Our insurance terms glossary is divided alphabetically by insurance terms in a quick reference guide to assist understanding the language commonly used by insurance companies. Policy documents contain a number of insurance terms because they typically define the limitations of risk and liability on the insured and any exclusions of coverage.
If you plan to start a new policy or renew your current policy with a carrier or agency, it is important to review and understand the policy differences behind individual quotes from multiple carriers. Lower policy premiums may be the result of decreased payout benefits, higher deductibles, or maximum damages allowed. It is important to identify these unique features in any policy comparison, otherwise a lower price may come at a much higher cost when you have to file a claim for loss or damages in the future.
See Directors’ and Officers’ Liability Insurance.
Damage To Property Of Others
Coverage for an insured who damages another’s property. Payment is made despite the lack of legal liability. Coverage is included in Section II of the homeowners policy.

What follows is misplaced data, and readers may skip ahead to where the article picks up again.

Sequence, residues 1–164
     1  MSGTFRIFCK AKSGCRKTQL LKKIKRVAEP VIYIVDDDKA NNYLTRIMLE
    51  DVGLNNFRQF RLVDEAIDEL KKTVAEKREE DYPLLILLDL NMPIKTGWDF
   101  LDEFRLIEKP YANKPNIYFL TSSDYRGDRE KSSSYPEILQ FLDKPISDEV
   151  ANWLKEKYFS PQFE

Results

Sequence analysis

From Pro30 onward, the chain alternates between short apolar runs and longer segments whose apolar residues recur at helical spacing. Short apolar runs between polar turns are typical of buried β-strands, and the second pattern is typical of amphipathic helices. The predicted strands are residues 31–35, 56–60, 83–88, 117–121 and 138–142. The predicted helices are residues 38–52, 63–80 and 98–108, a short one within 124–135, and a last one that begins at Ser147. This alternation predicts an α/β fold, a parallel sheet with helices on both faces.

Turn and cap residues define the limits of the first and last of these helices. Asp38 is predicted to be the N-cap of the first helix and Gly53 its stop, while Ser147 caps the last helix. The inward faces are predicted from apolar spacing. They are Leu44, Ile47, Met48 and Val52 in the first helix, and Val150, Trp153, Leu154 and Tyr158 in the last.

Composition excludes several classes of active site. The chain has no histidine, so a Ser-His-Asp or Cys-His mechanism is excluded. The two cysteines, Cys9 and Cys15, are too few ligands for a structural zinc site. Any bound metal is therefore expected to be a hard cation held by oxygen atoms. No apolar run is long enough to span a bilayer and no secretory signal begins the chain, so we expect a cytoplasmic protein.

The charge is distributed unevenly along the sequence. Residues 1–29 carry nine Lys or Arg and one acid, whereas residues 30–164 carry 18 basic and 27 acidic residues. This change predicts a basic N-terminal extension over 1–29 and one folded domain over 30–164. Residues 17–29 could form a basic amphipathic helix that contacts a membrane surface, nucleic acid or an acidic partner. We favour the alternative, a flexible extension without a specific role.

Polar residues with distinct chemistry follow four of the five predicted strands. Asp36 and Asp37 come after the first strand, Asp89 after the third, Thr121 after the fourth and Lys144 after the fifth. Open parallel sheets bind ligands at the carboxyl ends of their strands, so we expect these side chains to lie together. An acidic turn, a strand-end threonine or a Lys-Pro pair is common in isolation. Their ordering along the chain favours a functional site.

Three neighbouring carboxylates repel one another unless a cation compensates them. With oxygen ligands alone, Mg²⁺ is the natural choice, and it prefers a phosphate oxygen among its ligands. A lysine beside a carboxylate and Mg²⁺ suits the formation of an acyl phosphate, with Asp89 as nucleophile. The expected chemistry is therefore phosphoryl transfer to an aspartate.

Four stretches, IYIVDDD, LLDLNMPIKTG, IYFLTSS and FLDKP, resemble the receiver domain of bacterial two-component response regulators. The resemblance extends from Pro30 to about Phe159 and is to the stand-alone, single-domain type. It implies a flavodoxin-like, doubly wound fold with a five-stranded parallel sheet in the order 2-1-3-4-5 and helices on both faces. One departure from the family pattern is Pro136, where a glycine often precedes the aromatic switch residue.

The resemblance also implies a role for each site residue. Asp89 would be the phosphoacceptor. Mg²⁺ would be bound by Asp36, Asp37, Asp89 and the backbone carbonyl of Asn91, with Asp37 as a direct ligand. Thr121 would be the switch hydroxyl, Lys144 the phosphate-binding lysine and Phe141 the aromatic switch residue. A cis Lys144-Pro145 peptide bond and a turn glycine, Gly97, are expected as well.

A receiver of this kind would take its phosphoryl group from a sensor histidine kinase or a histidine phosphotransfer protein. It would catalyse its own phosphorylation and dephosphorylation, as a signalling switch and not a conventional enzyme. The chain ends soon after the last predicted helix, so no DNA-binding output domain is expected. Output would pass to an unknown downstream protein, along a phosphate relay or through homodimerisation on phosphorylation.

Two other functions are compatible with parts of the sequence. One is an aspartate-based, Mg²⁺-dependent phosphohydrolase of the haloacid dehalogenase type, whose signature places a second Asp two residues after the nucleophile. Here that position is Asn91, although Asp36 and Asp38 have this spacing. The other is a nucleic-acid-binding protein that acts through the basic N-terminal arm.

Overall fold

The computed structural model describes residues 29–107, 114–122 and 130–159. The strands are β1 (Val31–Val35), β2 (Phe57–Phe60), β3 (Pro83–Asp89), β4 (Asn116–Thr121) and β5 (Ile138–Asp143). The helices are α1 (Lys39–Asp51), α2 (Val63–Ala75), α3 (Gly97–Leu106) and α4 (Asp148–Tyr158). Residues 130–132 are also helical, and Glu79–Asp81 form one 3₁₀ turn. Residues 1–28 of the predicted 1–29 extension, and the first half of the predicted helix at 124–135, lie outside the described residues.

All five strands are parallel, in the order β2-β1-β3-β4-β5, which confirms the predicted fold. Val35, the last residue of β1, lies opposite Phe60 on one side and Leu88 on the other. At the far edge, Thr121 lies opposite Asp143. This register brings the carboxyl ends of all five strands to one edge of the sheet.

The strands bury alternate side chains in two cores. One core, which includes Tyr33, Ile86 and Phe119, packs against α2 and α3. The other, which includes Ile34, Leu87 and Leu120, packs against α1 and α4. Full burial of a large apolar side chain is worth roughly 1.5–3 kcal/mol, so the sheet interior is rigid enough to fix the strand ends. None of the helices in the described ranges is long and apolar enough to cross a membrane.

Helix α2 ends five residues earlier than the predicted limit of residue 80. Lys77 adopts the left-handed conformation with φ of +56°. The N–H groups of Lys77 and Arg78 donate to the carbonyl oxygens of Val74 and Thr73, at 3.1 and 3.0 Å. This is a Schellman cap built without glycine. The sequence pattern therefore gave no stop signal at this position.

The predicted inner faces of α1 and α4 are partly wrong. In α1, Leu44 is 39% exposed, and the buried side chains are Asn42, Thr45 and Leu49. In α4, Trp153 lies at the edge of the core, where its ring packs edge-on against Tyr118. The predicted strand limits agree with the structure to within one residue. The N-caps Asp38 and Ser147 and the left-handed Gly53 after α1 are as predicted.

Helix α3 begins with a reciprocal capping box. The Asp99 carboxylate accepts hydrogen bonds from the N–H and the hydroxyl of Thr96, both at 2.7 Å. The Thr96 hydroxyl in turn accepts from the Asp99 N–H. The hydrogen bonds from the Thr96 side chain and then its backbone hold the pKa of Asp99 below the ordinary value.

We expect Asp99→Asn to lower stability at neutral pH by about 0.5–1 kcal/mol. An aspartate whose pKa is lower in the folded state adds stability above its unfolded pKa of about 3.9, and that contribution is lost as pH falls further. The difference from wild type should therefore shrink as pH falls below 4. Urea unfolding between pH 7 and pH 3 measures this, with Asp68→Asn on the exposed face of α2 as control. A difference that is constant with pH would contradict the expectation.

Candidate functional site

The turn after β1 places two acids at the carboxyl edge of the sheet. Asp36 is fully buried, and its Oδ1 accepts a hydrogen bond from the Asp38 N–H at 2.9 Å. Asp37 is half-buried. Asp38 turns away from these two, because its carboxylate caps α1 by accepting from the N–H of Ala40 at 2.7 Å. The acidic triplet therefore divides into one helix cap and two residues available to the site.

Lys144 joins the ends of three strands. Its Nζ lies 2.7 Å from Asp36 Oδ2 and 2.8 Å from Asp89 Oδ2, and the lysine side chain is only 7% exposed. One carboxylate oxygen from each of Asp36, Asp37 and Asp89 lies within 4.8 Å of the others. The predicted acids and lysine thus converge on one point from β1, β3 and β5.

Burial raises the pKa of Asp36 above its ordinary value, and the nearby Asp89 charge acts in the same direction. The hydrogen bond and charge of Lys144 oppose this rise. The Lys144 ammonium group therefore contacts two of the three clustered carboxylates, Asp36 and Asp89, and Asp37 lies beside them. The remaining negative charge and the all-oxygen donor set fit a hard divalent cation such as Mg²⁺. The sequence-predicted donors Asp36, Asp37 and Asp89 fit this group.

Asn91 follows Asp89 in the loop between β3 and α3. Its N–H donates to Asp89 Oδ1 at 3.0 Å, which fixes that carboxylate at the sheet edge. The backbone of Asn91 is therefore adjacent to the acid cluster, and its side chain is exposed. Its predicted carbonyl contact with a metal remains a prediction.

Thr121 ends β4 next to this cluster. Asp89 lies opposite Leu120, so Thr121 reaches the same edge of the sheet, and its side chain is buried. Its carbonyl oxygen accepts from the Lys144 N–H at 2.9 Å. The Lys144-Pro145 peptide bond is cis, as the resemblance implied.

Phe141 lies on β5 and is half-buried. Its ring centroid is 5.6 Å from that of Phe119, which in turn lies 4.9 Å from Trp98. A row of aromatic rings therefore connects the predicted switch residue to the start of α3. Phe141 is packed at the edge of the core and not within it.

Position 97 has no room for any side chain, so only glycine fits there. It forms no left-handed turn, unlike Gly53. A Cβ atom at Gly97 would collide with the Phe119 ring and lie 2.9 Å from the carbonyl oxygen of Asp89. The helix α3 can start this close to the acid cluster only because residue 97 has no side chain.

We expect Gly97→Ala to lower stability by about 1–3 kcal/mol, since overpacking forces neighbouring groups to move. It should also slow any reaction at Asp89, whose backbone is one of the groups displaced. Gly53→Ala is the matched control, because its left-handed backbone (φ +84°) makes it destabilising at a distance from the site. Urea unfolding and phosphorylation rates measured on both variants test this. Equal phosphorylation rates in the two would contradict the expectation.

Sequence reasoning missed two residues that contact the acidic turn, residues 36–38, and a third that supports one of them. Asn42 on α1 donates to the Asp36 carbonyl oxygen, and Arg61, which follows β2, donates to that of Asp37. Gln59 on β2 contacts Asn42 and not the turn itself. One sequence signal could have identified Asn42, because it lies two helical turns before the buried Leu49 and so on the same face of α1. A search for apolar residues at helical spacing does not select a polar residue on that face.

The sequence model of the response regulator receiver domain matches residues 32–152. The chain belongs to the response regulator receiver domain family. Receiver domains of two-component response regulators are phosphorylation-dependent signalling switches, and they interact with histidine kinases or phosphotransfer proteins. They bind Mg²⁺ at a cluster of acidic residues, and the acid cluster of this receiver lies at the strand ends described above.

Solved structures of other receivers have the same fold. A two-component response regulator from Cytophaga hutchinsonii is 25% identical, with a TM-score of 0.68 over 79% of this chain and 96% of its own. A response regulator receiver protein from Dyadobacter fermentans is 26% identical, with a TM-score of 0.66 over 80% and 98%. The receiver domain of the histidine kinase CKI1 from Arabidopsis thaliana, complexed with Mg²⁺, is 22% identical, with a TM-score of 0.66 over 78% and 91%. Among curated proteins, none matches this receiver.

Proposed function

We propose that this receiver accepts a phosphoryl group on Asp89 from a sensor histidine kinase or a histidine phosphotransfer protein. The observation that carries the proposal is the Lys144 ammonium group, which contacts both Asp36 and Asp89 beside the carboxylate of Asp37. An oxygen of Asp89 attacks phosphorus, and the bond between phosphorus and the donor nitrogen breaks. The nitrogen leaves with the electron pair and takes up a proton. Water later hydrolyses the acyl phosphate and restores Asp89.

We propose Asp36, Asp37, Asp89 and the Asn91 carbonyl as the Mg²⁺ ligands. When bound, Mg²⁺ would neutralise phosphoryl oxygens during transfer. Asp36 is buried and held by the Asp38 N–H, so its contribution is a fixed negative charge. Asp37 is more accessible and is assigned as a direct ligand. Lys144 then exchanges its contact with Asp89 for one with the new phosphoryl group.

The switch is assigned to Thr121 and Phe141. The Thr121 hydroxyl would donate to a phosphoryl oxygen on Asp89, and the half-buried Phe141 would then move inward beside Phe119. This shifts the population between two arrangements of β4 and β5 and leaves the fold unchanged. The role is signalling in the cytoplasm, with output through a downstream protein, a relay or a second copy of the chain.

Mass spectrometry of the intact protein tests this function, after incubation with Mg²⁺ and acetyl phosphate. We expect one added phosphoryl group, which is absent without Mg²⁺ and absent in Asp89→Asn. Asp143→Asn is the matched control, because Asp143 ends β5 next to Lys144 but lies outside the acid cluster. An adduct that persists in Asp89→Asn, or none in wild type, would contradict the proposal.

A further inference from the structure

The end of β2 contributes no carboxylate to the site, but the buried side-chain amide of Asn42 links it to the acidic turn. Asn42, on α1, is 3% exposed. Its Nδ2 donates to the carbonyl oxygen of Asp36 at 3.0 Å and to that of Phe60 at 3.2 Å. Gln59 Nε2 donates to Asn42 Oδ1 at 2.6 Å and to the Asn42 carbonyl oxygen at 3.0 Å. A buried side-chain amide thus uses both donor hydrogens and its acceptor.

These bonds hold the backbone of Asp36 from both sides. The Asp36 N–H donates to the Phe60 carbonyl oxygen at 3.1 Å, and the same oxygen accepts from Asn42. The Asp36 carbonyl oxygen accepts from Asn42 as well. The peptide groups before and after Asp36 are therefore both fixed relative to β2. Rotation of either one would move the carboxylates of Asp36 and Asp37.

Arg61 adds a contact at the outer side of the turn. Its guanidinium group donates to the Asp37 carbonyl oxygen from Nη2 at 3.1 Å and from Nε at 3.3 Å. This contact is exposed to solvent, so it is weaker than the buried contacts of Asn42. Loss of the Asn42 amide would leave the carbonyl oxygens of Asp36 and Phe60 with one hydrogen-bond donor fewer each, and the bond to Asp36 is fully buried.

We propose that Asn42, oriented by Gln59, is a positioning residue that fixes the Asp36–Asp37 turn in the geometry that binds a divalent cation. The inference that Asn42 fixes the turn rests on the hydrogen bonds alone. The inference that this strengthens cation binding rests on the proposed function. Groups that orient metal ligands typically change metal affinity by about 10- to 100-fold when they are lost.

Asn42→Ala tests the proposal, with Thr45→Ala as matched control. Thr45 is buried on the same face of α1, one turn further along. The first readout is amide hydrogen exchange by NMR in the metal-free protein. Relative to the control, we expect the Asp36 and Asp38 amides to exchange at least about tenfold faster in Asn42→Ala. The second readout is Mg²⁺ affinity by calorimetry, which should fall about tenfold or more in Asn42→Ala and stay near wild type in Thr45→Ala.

A payment made to a designated beneficiary upon the death of the employee annuitant.
A bond that is backed only by the general credit of the issuing corporation. No specific property is pledged as security behind the loan.
See Industrial Life Insurance.
Debris Removal Clause
This clause extends insurance coverage to include the cost of debris removal resulting from damage caused by a covered loss up to a specified limit of loss. The clause is an additional property insurance coverage.
Statements in an insurance contract that provide information about the property or life to be insured. Used for underwriting and rating purposes and identification of the property or life to be insured.